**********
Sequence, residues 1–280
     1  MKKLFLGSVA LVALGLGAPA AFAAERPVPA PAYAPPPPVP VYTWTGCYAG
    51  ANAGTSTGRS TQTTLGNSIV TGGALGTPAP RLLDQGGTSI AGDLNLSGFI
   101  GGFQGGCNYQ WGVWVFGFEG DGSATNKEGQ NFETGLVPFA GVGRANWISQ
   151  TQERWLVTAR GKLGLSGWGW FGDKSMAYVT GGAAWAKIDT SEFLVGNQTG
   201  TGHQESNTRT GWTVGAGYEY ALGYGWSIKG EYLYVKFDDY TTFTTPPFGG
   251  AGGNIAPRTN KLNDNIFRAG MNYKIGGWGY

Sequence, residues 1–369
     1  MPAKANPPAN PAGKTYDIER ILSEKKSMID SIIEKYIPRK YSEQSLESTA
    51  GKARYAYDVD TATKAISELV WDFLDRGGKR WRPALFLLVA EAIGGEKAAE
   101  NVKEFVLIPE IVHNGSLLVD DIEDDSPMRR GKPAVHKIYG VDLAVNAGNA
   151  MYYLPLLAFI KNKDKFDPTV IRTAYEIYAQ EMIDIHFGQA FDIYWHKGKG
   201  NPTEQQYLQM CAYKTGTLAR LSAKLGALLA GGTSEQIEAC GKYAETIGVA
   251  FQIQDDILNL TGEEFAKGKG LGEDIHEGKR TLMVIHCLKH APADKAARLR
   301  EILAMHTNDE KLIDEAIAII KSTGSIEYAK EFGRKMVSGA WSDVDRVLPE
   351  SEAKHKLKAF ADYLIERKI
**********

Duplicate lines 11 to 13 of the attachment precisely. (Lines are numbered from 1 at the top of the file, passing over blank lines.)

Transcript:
   101  NVKEFVLIPE IVHNGSLLVD DIEDDSPMRR GKPAVHKIYG VDLAVNAGNA
   151  MYYLPLLAFI KNKDKFDPTV IRTAYEIYAQ EMIDIHFGQA FDIYWHKGKG
   201  NPTEQQYLQM CAYKTGTLAR LSAKLGALLA GGTSEQIEAC GKYAETIGVA